JSTOR is part of ITHAKA, a not-for-profit organization that also includes Ithaka S R and Portico. 8 Riklin: Wunscherfiillung und Symbolik im Marchen, 1908. In the first place the play is almost universally considered to be the chief master- piece of one of the greatest minds the world has known.For more information about JSTOR, please contact [email protected] EX AS AN EXPLANATION OF HAMLET'S MYSTERY: A STUDY IN MOTIVE By Ernest JONES, M. (London), University of Toronto English-speaking psychologists have as yet paid relatively little attention to the study of genius and of artistic creative- ness, at least so far as the method of analysing in detail the life-history of individual men of genius is concerned. EXPLANATION OF HAMLET'S MYSTERY 73 works under the impulsion of an apparently external force; indeed, being unaware of the origin of his inspiration, it fre- quently happens that he ascribes it to an actual external agency, divine or otherwise. It probably expresses the core of Shakspere's philosophy and outlook on life as no other work of his does, and so far excels all his other writings that many competent critics would place it on an entirely separate level from them.
This train of thought need not here be further developed, for it is really irrelevant to discuss the cause of Hamlet's general aboulia if, as will presently be maintained, this did not exist; the argument, then, must remain unconvincing except to those who already accept it.
Attempts to attribute Hamlet's general aboulia to less constitutional causes, such as to grief due to the death of his father and adultery of his mother, 1 are simi- larly inefficacious, for psycho-pathology has clearly demon- strated that such grief is in itself quite inadequate as an explanation of this condition.
He thus stands for what may roughly be called the type of an intellect over-developed at the expense of the will, and in Germany he has frequently been held up as a warning example to university professors who shew signs of losing themselves in abstract trains of thought at the expense of con- tact with reality. Ein Deutscher braucht nur eine schoae, leserliche Hand dazu.
7 There are at least three grave objections to this view of Hamlet's hesitancy, one based on general psychological con- siderations and the others on objective evidence furnished by the play. Er schreibt sich ab und Hamlet ist fertig." EXPLANATION OF HAMLBT'S MYSTBRY 77 conduct.
Scepticism leads to a simplification of motive in general, and to a reduction in the number of those motives that are efficacious; it brings about a lack of ad- herence to certain conventional, ones rather than a general failure in the springs of action.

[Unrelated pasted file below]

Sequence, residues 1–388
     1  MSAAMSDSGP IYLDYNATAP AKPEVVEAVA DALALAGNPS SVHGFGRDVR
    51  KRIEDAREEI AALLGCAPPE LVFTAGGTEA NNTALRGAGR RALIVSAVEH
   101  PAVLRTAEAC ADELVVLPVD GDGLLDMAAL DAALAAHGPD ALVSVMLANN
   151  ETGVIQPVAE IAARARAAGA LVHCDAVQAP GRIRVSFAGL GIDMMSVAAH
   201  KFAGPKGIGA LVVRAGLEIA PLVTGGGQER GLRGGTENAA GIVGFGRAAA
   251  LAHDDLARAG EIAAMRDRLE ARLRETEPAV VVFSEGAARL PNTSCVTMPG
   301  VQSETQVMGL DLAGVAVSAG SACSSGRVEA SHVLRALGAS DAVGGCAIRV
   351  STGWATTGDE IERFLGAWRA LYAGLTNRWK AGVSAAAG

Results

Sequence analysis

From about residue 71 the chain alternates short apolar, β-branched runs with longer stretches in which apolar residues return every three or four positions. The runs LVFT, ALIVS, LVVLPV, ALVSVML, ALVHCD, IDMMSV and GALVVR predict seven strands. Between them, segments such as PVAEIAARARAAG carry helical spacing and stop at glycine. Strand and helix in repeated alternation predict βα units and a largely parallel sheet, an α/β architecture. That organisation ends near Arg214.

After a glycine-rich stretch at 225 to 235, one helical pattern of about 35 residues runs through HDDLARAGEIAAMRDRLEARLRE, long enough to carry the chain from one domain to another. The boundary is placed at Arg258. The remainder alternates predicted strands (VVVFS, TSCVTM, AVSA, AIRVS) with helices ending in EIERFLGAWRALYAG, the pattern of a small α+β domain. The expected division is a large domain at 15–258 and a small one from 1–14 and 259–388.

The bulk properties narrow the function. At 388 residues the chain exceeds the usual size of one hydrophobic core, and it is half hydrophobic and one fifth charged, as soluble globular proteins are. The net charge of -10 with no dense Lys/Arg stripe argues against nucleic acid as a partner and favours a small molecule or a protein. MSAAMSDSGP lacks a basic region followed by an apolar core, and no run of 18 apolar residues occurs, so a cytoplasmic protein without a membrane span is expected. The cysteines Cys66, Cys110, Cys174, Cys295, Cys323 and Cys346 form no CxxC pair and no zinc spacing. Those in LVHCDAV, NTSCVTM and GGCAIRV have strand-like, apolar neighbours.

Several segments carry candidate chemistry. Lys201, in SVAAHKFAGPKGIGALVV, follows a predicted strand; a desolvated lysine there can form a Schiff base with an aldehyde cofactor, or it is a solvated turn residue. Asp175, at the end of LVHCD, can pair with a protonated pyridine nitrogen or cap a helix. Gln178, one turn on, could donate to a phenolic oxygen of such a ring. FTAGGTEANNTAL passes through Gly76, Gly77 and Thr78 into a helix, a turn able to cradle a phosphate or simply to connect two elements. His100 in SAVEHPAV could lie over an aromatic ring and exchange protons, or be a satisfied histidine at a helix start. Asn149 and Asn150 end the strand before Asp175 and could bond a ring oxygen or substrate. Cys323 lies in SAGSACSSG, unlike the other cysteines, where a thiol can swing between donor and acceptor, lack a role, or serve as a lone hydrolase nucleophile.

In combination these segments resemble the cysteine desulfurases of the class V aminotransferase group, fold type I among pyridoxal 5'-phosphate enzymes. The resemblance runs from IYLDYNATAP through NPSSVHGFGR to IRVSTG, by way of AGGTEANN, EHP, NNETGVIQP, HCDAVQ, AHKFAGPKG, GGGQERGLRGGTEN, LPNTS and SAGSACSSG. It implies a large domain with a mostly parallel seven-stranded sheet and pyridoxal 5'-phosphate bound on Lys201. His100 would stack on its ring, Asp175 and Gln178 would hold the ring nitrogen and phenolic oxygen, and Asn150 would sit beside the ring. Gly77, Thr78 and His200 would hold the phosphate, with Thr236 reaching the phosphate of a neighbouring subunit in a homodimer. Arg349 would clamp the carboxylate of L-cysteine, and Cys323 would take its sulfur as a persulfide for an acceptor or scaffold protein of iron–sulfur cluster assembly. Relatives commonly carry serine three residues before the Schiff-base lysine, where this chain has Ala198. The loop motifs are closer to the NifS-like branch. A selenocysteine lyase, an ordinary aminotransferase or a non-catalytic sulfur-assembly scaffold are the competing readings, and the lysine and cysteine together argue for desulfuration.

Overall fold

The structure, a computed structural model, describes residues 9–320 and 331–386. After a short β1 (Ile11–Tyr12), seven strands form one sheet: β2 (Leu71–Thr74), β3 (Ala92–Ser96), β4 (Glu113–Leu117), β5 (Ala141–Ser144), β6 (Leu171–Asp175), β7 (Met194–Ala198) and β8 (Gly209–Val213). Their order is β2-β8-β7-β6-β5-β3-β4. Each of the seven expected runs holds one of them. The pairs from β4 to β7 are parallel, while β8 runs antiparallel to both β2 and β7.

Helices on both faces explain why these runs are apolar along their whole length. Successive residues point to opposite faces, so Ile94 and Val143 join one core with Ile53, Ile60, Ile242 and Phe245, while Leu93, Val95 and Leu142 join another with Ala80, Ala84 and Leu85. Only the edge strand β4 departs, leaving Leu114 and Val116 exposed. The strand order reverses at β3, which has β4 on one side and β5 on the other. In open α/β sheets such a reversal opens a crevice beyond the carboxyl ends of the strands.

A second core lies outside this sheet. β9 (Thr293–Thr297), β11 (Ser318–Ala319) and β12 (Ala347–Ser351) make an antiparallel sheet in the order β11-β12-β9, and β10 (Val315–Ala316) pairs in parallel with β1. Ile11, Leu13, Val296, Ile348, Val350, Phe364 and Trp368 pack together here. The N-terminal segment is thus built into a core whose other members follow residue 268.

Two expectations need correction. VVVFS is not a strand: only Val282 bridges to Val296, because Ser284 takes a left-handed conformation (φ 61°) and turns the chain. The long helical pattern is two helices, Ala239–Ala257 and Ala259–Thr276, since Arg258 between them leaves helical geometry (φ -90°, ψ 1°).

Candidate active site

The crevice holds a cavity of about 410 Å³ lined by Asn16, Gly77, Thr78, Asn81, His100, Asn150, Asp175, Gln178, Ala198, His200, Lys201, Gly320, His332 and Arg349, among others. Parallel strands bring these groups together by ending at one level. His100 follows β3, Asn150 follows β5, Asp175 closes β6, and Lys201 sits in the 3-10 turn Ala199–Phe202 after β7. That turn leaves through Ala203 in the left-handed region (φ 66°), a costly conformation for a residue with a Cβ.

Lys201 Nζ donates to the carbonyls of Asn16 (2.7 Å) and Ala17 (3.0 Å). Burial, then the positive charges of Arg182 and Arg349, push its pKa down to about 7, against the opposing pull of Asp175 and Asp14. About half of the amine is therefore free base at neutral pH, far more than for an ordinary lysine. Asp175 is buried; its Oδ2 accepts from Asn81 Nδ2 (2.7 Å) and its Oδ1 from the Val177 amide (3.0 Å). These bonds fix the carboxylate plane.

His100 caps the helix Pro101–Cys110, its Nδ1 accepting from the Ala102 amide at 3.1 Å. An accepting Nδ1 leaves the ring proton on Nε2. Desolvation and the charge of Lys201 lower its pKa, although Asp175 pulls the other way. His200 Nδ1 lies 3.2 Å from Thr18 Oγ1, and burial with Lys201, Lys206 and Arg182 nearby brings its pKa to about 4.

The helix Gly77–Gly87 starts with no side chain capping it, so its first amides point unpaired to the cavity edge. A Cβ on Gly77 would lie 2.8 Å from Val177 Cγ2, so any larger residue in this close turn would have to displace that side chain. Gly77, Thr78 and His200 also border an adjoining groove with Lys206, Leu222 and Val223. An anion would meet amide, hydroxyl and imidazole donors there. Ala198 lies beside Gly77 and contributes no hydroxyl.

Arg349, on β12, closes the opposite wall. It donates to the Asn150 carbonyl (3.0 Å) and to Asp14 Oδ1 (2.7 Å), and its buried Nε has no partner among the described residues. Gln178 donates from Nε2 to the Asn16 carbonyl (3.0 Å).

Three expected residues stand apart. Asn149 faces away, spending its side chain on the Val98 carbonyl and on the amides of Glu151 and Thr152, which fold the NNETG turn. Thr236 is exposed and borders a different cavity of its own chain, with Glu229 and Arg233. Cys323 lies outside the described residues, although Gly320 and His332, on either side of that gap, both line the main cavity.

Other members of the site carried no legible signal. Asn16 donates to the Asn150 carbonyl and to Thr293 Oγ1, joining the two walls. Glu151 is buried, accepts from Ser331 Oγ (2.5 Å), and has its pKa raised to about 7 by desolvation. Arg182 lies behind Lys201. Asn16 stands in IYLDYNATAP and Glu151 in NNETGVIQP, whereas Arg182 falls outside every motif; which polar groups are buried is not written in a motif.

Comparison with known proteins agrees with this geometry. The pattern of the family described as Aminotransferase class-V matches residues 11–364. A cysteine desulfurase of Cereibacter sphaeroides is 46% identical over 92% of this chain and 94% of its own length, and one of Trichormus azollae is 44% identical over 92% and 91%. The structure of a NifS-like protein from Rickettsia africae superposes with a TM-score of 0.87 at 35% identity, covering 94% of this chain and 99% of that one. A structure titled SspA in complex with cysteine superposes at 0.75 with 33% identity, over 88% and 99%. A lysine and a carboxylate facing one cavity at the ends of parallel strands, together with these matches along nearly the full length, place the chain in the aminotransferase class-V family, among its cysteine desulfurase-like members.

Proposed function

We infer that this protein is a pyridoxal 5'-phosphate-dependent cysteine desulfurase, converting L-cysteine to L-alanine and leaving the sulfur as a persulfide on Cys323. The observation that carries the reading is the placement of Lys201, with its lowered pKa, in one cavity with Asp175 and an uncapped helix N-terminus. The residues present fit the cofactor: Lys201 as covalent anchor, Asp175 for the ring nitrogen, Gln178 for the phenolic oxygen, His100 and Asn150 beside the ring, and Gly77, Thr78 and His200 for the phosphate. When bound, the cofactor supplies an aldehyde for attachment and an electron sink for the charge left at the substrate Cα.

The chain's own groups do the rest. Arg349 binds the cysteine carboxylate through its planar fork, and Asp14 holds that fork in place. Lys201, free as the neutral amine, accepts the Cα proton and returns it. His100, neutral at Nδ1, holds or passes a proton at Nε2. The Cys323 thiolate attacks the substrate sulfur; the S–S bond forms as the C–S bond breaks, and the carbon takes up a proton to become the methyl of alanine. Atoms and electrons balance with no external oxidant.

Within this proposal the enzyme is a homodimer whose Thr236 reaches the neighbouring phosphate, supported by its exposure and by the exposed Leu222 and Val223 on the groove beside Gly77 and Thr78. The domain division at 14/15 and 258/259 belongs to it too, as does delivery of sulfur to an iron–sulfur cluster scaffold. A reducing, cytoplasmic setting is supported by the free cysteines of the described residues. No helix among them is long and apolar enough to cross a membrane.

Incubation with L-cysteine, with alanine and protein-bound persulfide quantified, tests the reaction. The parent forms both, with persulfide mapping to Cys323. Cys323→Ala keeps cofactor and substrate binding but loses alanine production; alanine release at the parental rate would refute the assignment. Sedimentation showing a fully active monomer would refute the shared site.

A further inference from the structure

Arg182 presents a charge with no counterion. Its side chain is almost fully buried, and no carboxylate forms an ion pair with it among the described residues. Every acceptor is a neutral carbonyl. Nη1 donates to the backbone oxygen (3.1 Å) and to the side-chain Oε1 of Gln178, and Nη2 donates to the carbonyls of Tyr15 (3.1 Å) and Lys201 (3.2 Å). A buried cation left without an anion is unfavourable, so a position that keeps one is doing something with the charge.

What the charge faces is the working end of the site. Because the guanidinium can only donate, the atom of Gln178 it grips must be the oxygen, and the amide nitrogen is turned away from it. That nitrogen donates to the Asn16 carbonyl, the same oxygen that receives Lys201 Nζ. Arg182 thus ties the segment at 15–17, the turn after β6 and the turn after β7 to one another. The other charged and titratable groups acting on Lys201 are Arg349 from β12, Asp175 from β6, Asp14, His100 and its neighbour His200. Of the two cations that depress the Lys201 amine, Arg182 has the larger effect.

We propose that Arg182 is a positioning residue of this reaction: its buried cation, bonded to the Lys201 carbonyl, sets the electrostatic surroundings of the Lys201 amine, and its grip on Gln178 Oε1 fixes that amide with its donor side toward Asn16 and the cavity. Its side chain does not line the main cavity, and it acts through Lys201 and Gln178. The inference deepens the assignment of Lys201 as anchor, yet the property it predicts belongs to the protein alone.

Every student of clinical psychology knows that any such general weakening in energy is invariably due to another cause than intellectual scepticism, namely, to the functioning of abnormal unconscious complexes.
3 Stedefeld: Hamlet, ein Tendenzdrama Sheakespeare's gegen die skeptische und kosmopolitische Weltanschauung des M. 6 Plumptre: Observations on Hamlet, being an attempt to prove that Shakespeare designed his tragedie as an indirect censure on Mary, Queen of Scots, 1796. A view fairly representative of the pure Goethe school would run as follows: Owing to his highly developed intellectual powers, and his broad and many-sided sympathies, Hamlet could never take a simple view of any question, but always saw a number of different aspects and possible explanations of every problem. Already in 1816 Borne in his Dramaturgischen Blattern had cleverly developed this idea.
A given course of ac- tion never seemed to him unequivocal and obvious, so that in practical life his scepticism and reflective powers paralysed his conduct. 7 See for instance Kostlin : Shakespeare und Hamlet. He closes one article with the words "Hatte ein Deutscher den Hamlet gemacht, so wiirde ich mich gar nicht dariiber wundern.
The difficulty experienced by the artist in arriving at the precise meaning of the creation to which he is labouring to give birth has been brilliantly demonstrated by Bernard Shaw 8 in the case of Ibsen and Wagner. In his capacity to describe human conduct directly as he ob- served it, and without any reference to the past or future evo- lution of motive, lay at the same time his strength and his weakness.
In a more conscious age than his or ours Shak- spere's works would necessarily lose much of their interest. 76 JONES to some defect in Hamlet's constitution, was independently elaborated more than a century ago by Goethe, 1 Schlegel 2 and Coleridge.